From Alpaca to Scarf

One of my big goals for my NZ trip was to create something from shearing to knitted project. I’ve just finished making a scarf from an alpaca that I helped shear, which ticks that off my list. As they say pics or it didn’t happen so here’s some pictures!

First step, I needed to get some fiber, so I volunteered to help several alpaca owners during their shearing days and got some fiber in return. The stuff that I’ve started working with is a cria (baby) fleece. It came off of a beautiful fawn cria.

That’s the cria right after shearing and his mom trying to decide if she recognizes this newly sheared creature. Fun fact: when the cria is still nursing, the shearer will leave the tail long so that the mama can recognize her baby!

The next step is to process the fleece. First, I skirted the fleece, meaning I picked out all the bits I didn’t want. This includes getting rid of any hairy or coarse bits and sorting some of the higher quality fleece out. Higher quality is subjective, but usually means the parts of the fleece that are longer and finer than the other parts.

After skirting, it’s time to wash the fleece! I filled a sink with enough hot water to allow the fleece to float freely, then put some dish soap in and stirred it around trying to avoid making any bubbles. Next the fleece went in and is pushed down until it is soaked through. I repeated this process with slightly colder water each time until the water running from the fleece was clear. I was amazed at how well the fleece holds together through this treatment. I would have thought that it would spread apart in the water, but it really doesn’t.


I spread out the fleece and waited for it to dry.


After the fleece dried, it needed to be combed or carded to make it easier to spin. I choose to comb the fleece because it makes for a smoother finish.

I put the individual locks on the comb first making sure they were facing the same direction. I also applied a little bit of watered down conditioner because the next part gets rather static-y, especially with alpaca fiber. I then used the empty comb, at a 90 degree angle from the first comb, to pull the fiber from one comb to the other. I repeated this process, switching directions when the pulling comb was full, until the fiber was smooth like in the second picture. I then pulled the fiber off the comb through a diz, the metal shape in the third picture, to get it into a uniform roving that I could use to spin.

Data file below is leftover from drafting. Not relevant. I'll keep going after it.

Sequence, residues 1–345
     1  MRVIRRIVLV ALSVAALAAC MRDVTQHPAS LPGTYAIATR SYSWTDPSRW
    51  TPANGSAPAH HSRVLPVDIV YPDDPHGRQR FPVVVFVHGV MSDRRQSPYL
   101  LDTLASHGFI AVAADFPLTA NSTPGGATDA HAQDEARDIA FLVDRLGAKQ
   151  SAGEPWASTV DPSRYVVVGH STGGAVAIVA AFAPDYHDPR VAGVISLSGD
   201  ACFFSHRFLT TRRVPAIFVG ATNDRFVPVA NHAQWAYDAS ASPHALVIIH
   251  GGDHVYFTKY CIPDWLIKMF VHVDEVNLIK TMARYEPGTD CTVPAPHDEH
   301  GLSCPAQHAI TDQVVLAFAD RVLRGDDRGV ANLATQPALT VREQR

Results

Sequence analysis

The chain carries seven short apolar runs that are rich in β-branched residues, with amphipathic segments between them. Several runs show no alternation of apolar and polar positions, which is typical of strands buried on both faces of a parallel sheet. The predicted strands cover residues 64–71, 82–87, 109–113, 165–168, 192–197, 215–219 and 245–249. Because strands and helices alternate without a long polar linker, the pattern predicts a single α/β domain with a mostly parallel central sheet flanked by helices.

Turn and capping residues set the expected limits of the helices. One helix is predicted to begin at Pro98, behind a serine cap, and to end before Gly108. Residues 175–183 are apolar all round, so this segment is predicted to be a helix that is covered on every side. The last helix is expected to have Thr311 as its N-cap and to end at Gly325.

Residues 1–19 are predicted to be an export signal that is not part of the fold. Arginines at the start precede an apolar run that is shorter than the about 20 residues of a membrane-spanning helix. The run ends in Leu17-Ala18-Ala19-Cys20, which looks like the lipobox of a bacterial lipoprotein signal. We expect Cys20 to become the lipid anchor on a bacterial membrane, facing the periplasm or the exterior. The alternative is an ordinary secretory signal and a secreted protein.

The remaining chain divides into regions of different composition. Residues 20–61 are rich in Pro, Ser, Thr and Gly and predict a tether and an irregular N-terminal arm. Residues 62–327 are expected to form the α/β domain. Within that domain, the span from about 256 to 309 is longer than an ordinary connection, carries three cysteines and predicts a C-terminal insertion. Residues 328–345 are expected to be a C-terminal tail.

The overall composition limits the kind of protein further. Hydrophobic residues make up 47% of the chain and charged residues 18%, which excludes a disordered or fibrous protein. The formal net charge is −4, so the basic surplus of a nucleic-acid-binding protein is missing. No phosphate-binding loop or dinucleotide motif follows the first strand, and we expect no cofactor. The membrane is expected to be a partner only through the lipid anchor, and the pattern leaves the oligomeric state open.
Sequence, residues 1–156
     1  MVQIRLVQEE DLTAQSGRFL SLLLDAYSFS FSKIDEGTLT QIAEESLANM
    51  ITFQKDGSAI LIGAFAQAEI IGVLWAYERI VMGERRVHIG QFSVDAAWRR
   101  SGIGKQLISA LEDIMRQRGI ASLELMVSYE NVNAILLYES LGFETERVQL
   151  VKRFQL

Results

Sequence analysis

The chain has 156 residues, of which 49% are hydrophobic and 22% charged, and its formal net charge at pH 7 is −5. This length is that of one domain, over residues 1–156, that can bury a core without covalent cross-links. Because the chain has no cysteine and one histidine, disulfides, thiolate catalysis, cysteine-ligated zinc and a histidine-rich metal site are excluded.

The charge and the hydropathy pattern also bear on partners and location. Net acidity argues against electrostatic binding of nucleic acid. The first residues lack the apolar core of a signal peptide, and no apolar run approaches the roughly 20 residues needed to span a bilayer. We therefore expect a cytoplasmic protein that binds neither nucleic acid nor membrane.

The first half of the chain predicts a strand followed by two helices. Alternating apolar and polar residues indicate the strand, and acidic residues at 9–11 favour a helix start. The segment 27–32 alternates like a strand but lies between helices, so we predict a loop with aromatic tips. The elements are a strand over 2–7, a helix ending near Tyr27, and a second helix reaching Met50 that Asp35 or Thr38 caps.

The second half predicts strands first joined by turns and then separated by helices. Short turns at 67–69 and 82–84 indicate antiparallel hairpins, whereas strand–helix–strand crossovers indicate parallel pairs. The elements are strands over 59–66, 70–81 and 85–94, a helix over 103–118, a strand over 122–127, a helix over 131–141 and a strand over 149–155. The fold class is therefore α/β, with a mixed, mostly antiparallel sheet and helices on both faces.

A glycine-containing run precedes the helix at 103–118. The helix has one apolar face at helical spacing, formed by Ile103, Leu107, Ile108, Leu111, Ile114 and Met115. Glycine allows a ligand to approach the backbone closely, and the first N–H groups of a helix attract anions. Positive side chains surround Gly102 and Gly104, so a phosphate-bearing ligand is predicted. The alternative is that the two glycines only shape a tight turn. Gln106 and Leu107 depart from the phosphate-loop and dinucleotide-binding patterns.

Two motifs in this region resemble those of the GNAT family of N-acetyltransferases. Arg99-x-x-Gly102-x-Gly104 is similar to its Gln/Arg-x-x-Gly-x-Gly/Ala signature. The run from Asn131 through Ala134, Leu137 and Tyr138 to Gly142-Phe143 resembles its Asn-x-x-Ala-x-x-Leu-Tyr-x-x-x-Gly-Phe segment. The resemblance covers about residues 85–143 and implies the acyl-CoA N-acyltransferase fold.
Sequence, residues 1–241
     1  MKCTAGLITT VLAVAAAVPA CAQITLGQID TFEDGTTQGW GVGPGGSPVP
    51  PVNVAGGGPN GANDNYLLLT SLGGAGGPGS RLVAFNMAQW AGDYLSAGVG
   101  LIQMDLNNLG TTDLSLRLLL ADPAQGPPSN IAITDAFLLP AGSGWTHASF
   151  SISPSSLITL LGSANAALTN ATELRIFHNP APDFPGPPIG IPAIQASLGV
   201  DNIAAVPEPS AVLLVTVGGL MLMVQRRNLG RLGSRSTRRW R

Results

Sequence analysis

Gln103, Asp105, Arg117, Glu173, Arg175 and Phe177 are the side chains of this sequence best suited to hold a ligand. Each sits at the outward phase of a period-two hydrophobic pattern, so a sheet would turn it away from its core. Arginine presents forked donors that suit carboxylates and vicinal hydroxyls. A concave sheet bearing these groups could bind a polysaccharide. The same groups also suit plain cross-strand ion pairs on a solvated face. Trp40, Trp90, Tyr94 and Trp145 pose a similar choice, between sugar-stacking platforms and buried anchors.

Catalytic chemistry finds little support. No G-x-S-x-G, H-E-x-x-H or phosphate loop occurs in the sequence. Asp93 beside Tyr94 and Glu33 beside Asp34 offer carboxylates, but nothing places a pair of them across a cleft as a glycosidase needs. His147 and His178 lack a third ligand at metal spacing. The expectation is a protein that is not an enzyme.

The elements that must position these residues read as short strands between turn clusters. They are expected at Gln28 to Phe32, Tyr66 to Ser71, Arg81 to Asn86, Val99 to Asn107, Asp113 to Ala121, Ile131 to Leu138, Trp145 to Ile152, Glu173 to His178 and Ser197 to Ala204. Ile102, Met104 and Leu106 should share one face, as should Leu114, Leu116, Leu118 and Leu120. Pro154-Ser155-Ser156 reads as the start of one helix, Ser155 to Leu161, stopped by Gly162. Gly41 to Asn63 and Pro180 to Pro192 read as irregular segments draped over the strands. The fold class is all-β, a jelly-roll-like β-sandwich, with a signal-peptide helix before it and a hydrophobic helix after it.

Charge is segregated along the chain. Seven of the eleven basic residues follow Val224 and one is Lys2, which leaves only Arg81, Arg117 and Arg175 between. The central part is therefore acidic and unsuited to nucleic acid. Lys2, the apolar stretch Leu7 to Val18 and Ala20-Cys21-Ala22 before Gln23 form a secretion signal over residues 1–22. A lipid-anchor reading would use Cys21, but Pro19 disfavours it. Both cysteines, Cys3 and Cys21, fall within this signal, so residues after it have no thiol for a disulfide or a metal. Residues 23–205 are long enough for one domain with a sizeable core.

Even though the fleece is a very pretty color on its own, I decided that I wanted to combine it with something else. I bought a corriedale (breed of sheep)/silk blend that had been dyed with warm reds and oranges, which I started spinning while I was processing the fleece.

After I finished spinning all of the corriedale and the alpaca I plied the two together. To ply the yarn, I put the two single ply bobbins together and spun them in the opposite way that the singles were spun. The effect is a cool barber pole yarn!

Once all the yarn was plied together, I gathered it off onto a niddy noddy to create a skein, then set the twist. To set the twist, I put the skein first in hot water then in cold water. This does a couple things: first it shocks the fibers and makes them more likely to hold their current shape rather than untwisting. Second, it will cause some fibers to shrink. This is especially important when you are mixing fibers. Corriedale, for example, usually shrinks more than alpaca, so shrinking the fibers before you actually knit something helps to keep the final item for pulling out of shape when it’s washed.

You can see that the water is tinged pink when I’ve put the skein in the hot water. This will sometimes happen with vibrant colors. It’s good to make sure to get washing and handling information from the dyer and probably avoid washing knitted items with other light colors until you are certain the dye will no longer run.

After the skein dried, I twisted it up. I was really happy with how it all turned out!


On to the knitting! I found a nice triangle scarf pattern called Wheatsheaves Scarf from Ravelry. I won’t go into too much detail about the knitting except to show you the finishing steps.

The left picture is the scarf before blocking and the right is the scarf during blocking. It’s amazing how much easier it is to see the color and pattern once the piece is blocked.

The final piece looks great once it’s done blocking!

6 thoughts on “From Alpaca to Scarf

Add yours

    1. Thanks Melanie :). I don’t have any particular links that come to mind, but as for tips the two most important things I’ve found to focus on are tension and prep. For the tension, you want it to be as light as possible while still pulling… If it’s pulling too much, you’ll find it harder to control the thickness, of it’s not pulling enough you’ll end up with the yarn twisting back on itself. For the prep, I’m referring to how the fiber is prepared before spinning. It should be smooth and pull apart easily. If you’re prepping your own fiber, this means spending a bit more time combing or carding. If you’re buying roving, this means if the fibers are packed too tight to draft smoothly, you should pull them apart, in the horizonal direction, to loosen everything up. Hope this helps!


  1. Becky you are amazing! The scarf is beautiful. You are so talented! Thank you for sharing and best wishes for your upcoming adventures!


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